The Stuart family that built the Urbana High School field hockey program from the ground up is going to continue being an integral part of the school for at least two more years.
You know the Stuarts, the one with the daughter, Molly, who is the all-time leading scorer in school history. Then there’s the other daughter, Meg, who is on pace to surpass that very record. Don’t forget the mother, A.J., the only field hockey coach in the school’s history.
Even the patriarch of the family, Stephen, is willing to make contributions to the program. He currently is installing the new scoreboard system that frequently will be lit up by his youngest daughter and even has gone as far to suggest he take up an assistant coaching role alongside his wife — “Lol,” A.J. responded in an email — because as any member of the family will tell you, Stephen Stuart considers himself a field hockey expert.
“He thinks he knows everything about the whole game,” Meg said with a laugh.
The rules he still may not recognize entirely — more than once, while his daughters were still in middle school, Stephen was kicked out of games for arguing calls from the sidelines — but his daughters also are the first to point to him as the fundamental reason they have become so successful.
A former football player at Idaho State University, Stephen lives and breathes through sport, even ones he may not fully understand. It never mattered how many goals Molly scored or how fast Meg ran or how many touchdowns his son, Thomas, threw for Calvert Hall, there always was something they could have done better, and there was scant hesitation in letting them know.
“He was always pushing us and always criticizing us after, and telling us what we could do better,” Molly said. “And that’s what made us tough.”
Even when Meg qualified for the Junior Olympics and won a national title in the 3,000 meters, Stephen asked why she didn’t break the record.
“He would say, ‘If you’re not first, you’re last,’” Meg said.
But if the Stuart children were looking for a soft and nurturing outlet after a particularly bad game, or even a good one, fleeing to mom hardly was the better option.
“There’s still always that expectation for me to be better,” Molly said. “So if we lost I‘d hear about it at home. Every time we did lose, I didn’t want to go home with my mother because it was more than disappointed in the team, she was disappointed in me.”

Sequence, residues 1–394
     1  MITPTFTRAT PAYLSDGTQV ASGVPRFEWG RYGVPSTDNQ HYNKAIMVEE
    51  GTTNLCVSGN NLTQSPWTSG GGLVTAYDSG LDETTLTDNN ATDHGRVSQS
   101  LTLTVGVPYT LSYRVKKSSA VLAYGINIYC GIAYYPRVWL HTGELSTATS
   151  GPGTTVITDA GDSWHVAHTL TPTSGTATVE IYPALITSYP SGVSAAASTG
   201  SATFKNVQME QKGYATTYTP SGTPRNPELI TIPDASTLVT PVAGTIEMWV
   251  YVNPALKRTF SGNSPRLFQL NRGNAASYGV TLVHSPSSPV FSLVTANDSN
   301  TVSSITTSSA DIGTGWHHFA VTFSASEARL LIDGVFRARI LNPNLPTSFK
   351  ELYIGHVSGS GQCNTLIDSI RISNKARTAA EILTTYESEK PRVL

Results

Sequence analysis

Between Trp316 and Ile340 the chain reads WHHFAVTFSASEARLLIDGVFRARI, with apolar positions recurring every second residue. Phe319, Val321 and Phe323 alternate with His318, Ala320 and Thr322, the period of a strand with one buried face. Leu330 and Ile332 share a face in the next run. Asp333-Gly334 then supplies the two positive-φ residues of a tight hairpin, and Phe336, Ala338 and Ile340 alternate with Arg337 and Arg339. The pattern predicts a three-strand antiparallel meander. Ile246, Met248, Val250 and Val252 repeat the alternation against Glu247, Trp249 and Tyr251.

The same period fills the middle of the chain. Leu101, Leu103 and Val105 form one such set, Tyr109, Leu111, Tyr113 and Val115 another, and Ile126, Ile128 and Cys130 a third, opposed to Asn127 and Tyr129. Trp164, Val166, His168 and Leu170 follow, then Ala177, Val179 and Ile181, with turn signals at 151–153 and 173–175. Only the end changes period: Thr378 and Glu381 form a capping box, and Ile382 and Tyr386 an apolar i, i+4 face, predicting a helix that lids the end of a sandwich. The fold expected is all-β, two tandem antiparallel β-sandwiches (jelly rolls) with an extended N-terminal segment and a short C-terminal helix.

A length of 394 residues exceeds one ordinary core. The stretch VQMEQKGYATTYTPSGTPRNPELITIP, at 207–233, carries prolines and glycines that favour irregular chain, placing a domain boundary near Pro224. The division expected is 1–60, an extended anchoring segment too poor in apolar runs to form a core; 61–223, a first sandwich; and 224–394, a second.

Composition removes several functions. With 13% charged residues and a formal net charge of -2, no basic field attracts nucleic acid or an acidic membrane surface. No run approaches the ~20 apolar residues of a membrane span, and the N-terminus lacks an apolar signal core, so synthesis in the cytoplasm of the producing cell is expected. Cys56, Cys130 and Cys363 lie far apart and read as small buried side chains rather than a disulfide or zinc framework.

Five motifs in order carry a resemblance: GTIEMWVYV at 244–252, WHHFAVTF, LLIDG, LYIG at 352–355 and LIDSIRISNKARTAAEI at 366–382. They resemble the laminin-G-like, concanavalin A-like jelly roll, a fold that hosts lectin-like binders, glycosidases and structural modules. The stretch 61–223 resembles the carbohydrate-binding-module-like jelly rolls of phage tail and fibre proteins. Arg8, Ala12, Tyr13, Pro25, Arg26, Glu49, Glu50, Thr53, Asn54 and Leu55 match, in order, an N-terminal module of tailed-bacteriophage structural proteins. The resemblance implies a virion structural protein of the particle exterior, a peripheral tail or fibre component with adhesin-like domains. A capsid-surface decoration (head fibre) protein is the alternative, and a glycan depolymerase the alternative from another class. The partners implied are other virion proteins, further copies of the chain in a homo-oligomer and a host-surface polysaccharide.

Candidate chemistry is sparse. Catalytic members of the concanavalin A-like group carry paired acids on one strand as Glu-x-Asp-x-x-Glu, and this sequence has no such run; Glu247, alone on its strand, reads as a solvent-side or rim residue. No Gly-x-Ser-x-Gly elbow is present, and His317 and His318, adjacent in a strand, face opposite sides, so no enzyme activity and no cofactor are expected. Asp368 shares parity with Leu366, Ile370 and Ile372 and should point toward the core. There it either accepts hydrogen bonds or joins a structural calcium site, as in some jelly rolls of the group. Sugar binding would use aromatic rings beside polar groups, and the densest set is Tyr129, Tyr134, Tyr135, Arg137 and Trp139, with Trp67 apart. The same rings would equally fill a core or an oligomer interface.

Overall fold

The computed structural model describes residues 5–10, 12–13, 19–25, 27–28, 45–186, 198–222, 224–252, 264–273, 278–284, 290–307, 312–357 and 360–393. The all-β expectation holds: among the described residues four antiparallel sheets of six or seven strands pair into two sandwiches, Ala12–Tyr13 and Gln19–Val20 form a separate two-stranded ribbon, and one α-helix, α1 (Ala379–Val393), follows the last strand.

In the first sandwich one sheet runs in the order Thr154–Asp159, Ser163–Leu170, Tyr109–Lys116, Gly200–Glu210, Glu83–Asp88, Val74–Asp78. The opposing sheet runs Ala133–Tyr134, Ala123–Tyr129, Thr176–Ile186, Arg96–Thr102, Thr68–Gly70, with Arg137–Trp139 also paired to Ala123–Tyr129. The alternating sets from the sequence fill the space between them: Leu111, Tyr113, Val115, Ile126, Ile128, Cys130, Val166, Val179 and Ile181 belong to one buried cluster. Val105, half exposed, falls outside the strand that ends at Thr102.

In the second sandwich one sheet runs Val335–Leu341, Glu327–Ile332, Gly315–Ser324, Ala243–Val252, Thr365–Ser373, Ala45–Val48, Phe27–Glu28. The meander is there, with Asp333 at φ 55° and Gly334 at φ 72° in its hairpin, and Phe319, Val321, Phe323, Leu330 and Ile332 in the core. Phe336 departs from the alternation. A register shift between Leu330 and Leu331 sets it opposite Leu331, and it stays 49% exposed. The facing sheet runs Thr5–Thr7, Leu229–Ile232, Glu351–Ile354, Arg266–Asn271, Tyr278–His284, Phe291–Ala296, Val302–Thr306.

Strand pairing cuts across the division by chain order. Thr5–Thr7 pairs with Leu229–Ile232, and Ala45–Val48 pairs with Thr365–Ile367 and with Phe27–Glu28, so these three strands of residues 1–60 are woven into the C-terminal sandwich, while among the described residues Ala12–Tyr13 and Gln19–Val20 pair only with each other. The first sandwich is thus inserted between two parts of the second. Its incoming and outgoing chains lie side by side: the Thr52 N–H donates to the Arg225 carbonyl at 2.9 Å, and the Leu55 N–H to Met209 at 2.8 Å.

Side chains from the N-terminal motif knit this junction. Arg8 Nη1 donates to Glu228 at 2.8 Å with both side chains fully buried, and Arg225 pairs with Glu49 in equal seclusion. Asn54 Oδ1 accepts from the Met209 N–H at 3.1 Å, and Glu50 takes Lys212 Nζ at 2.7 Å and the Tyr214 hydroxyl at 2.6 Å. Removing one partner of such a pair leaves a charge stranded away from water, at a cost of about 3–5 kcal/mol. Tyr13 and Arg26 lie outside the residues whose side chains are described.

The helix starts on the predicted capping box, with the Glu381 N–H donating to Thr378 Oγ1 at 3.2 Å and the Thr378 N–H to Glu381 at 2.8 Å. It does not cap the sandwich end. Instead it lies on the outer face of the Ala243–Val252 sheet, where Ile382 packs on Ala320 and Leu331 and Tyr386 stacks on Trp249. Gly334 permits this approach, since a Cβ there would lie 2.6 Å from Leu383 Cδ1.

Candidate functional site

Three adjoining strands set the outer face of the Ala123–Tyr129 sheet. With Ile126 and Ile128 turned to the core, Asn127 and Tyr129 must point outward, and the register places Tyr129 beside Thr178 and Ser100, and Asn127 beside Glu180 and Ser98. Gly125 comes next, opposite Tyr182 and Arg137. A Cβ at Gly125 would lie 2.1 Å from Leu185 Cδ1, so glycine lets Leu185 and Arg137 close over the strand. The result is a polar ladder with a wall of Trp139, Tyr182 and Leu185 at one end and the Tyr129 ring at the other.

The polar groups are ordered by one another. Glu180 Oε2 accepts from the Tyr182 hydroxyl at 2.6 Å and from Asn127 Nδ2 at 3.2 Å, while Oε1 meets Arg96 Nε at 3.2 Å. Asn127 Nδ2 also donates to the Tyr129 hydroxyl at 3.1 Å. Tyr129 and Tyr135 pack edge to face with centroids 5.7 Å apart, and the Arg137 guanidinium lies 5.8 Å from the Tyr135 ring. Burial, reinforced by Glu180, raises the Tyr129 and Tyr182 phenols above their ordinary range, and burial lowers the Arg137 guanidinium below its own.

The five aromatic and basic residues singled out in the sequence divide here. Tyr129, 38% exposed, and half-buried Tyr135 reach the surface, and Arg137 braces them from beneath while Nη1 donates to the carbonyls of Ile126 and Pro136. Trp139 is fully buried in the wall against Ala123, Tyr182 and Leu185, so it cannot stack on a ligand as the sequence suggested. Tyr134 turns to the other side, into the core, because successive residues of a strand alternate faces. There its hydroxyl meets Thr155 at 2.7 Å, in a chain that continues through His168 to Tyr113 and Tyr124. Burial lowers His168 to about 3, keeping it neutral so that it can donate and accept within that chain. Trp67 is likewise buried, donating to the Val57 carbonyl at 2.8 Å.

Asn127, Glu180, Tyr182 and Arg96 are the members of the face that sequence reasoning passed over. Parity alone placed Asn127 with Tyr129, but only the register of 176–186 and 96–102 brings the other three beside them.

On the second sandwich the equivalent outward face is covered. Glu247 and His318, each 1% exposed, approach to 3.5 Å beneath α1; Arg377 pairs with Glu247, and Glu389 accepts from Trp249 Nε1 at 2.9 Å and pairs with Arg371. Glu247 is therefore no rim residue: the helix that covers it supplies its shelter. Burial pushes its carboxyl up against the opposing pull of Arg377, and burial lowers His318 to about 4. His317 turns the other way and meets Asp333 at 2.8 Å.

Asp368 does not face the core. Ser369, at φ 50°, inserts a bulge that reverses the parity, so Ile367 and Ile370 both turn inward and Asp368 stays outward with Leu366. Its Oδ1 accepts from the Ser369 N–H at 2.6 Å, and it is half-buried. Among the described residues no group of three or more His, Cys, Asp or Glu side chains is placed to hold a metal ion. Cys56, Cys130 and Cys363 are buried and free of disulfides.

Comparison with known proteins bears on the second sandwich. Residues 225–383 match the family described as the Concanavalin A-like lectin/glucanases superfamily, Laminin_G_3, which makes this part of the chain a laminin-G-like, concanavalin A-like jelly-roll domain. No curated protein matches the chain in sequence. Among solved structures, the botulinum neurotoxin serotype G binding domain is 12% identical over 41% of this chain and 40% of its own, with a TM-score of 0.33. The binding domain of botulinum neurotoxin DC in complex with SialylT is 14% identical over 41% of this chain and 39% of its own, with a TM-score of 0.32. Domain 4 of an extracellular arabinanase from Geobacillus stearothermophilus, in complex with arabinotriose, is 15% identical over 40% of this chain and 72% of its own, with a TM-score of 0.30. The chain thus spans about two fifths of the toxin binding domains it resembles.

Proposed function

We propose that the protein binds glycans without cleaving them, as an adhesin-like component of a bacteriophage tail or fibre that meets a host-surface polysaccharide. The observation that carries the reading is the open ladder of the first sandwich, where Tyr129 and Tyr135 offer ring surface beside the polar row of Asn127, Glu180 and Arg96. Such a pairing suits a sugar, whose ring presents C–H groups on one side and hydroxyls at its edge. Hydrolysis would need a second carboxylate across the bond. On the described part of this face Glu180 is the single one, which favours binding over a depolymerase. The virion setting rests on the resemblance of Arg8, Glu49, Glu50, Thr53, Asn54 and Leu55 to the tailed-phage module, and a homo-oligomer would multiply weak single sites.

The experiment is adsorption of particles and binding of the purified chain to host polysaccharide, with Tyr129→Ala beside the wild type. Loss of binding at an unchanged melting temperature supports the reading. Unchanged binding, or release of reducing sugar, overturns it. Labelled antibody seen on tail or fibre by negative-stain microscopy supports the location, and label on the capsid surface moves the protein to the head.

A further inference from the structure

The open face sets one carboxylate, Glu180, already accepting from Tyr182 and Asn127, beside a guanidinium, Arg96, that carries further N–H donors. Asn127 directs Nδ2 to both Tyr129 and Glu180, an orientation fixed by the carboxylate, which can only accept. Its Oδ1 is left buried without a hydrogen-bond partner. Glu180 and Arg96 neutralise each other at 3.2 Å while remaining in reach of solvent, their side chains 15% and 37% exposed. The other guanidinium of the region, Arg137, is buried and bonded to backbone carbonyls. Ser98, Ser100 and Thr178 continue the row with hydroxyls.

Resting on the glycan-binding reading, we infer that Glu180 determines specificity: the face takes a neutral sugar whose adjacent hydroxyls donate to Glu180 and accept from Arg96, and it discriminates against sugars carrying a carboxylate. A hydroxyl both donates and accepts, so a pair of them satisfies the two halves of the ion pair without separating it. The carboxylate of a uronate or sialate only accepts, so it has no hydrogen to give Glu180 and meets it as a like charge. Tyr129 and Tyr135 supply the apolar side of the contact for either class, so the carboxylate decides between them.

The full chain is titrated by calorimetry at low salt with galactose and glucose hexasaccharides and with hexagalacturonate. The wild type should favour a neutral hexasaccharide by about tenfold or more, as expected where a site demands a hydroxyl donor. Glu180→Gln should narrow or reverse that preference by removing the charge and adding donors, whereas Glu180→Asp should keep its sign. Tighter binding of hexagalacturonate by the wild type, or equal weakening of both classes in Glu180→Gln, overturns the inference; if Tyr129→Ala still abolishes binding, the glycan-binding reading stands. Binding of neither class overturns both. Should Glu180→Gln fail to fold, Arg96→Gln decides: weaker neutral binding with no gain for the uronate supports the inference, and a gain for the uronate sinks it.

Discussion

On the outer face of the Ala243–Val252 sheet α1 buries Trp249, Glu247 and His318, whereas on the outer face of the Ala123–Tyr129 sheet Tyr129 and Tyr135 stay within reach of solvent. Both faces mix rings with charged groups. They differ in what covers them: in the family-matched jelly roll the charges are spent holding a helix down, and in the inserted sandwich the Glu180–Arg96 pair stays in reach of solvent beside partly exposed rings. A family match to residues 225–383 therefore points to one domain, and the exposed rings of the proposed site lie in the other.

Of course, Molly would go on to graduate with a list of achievements so long no coach could be reasonably disappointed. In her four-year tenure at Urbana, she led the Hawks to their first-ever region final, became The Gazette Player of the Year, a perennial All-Conference and All-State name, as well as the school’s all-time leading scorer.
“I had no idea that Molly would receive all of the accolades that she did for field hockey,” A.J. said. “But I will say that she is one of the hardest-working student athletes that I have ever coached.”
There’s no way anybody could live up to that legacy, right? Wrong.
Meg hardly has the appearance of a hyper-gifted athlete primed to surpass Molly. She is, perhaps, the most ferocious competitor in the Stuart family.
Her first career hat-trick came two weeks ago in a game against Our Lady of Good Counsel and she punched in the game winner in overtime while she was recovering from a torn meniscus.
“It still hurts,” she said of her knee. “But sometimes you just gotta fight through the pain.”
A naturally gifted runner, Meg routinely was beating her father and brother in backyard races before she was in high school. She quickly surpassed her sister on the track, and before long Molly began seeking Meg out to learn how to run faster.
“She was telling me what to do,” Molly said. “She would push me in [track] and I would push her in field hockey.”
Molly no longer can physically push her sister as she is about 70 miles away at Shippensburg University, but Meg hardly is on her own. A piece of Molly still hangs back in Ijamsville that will push Meg more than Molly herself ever could: the Urbana scoring record.
“Molly asks me every game, ‘How many goals did Meg score?’ because she doesn't want Meg to break her record,” A.J. said.
The good news, Urbana, is that the year is 2012, and you won’t lose Meg until 2014. And even better news is that A.J. doesn’t appear to be going anywhere anytime soon. So stay right here in the present, because it’s hard to imagine a field hockey program without a Stuart on the field.